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Acts of politically-motivated violence are almost certain in most states in Mexico over the coming months in the run-up to national elections on 2 June.

This assessment was issued to clients of Dragonfly’s Security Intelligence & Analysis Service (SIAS) on 13 February 2024.

  • Candidates for local government positions such as mayors are likely to be the main targets of gang-related violence around the Mexican general elections in June
  • Attacks against gubernatorial candidates are plausible but unlikely; most of the hundreds of attacks on politicians ahead of mid-term elections in 2021 targeted local politicians
  • We do not anticipate major widespread disruption to the presidential race as a result of gang violence

Acts of politically-motivated violence are almost certain in most states in Mexico over the coming months. This is in the run-up to national elections scheduled for 2 June. Organised crime gangs have frequently attacked candidates and other political figures ahead of previous polls. This year is unlikely to be any different. We assess that businesses will probably not be affected by attacks, based on established patterns and the aims of such groups. Incidents are likely to involve targeted shootings in rural areas or on the outskirts of urban areas. But there is a strong possibility of some isolated attacks in central areas of large cities, including Guadalajara and Tijuana.

Pre-election violence is likely to be most common in states where organised crime is already a major issue. In-country security contacts have told us in recent years that gangs mount attacks during campaigns to pressure candidates not to make anti-crime pledges, thereby protecting their illicit activities. Based on recent conversations with our sources, reported incidents of ongoing gang turf wars and Mexican press reports, we assess that incidents of this type will be particularly prevalent in the following states:

• Chiapas • Colima • Guanajuato
• Guerrero • Jalisco • Mexico state
• Michoacan • Tabasco • Tamaulipas
• Veracruz • Zacatecas

This type of violence is also likely to take place but less frequently in:

• Baja California • Chihuahua • Morelos
• Puebla • Quintana Roo • Sonora

A particularly violent election period looms

There is a track record of electoral violence in Mexico. There were hundreds of attacks on politicians ahead of mid-term elections in 2021, but this year we anticipate that there will be even more such incidents. There are two reasons for this; first, organised crime groups appear to have become more brazen in their shows of force in recent years. For example, gangs have mounted several indiscriminate attacks in response to security operations against them. Gangs will almost certainly try to influence elections to ensure that incoming administrations – particularly at the state and municipal levels – facilitate (or at least tolerate) their illicit activities.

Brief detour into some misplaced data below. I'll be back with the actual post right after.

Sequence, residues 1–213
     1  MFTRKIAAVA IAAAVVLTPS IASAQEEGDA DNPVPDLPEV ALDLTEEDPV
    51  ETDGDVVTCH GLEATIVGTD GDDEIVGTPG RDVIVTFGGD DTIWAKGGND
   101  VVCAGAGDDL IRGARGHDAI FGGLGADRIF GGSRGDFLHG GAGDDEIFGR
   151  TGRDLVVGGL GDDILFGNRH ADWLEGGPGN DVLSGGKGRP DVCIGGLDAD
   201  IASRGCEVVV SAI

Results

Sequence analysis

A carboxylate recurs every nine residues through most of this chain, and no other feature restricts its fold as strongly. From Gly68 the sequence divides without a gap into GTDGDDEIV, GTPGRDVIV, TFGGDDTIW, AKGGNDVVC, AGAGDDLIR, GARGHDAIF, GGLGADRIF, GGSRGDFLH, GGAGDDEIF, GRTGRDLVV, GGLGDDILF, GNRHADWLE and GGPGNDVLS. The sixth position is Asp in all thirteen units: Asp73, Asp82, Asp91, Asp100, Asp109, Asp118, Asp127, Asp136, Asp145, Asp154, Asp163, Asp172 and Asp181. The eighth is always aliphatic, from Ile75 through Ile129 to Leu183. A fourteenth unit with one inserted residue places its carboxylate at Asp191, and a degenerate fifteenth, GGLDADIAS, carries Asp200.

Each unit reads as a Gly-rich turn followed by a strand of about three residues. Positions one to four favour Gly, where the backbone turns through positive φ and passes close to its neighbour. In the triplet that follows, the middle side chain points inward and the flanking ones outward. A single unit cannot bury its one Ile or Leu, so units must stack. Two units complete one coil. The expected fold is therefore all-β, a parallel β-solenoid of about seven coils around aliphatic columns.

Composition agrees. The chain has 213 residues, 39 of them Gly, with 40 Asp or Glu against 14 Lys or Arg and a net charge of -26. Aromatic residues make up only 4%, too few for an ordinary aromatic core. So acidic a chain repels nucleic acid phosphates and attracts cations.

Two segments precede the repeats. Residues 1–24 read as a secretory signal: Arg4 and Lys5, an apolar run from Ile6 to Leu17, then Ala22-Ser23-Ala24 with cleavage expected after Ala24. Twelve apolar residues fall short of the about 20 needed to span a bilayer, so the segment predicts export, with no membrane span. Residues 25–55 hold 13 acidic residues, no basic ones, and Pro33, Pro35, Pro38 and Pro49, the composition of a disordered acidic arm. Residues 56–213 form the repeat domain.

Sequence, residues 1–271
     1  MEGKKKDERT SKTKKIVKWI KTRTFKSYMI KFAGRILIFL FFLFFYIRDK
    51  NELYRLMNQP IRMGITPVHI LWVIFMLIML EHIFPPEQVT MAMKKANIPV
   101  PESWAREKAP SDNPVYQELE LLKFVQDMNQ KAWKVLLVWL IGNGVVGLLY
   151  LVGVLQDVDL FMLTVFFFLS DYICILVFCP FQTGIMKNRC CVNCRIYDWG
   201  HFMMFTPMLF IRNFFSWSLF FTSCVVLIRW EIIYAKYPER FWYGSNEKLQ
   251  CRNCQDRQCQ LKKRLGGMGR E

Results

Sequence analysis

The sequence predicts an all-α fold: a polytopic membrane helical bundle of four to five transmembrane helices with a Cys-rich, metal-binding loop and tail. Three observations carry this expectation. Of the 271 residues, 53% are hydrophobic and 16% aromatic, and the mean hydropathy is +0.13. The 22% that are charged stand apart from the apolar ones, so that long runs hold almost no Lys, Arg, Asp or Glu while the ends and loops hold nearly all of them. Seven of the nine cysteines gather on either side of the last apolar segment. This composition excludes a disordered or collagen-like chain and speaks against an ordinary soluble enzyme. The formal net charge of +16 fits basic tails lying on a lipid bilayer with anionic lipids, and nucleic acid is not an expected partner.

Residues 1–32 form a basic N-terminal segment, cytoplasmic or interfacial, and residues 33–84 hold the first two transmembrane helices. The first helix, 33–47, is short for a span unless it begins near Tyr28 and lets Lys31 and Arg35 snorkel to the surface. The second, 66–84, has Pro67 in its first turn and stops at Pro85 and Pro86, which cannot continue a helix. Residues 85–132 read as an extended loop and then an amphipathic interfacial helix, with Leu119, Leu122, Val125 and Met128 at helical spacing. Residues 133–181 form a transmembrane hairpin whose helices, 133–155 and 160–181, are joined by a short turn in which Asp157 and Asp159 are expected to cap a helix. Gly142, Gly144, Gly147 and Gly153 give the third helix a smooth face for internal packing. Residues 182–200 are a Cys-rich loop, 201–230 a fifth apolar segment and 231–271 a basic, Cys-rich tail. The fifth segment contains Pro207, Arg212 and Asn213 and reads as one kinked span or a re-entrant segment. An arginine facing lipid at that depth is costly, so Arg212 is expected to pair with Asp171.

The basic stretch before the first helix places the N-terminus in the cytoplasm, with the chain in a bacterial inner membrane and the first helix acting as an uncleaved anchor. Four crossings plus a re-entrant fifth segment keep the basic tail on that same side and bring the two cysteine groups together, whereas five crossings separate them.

A second reason is that there will be an unusually high number of elections across Mexico this year. More than 20,000 positions are up for grabs on 2 June, almost six times the number of posts renewed at the 2018 general elections. Of these, close to 20,000 are municipal government positions and state legislative seats. Candidates for mayor and other local positions have been at greatest risk of being targets of gang-related political violence.

There are also eight states where voters will elect governors: Chiapas, Guanajuato, Jalisco, Morelos, Puebla, Tabasco, Veracruz, and Yucatan. And voters in the capital Mexico City will elect a new head of government. However, precedent and the gangs’ key objective to gain advantages that facilitate their operations at the local level, suggests that they are unlikely to target candidates for governor.

The tempo of attacks will probably rise significantly after campaigning starts in March. For federal candidates, this is at the beginning of the month, while other races start towards the end. Data Civica, a local NGO that tracks political violence related to organised crime, calculated there were 574 such incidents during 2023, the highest number for five years. It also recorded five murders of candidates during January. We expect that similar incidents will occur more frequently into March, particularly as the candidate selection process concludes (for many state and municipal positions, this will be on 17 February).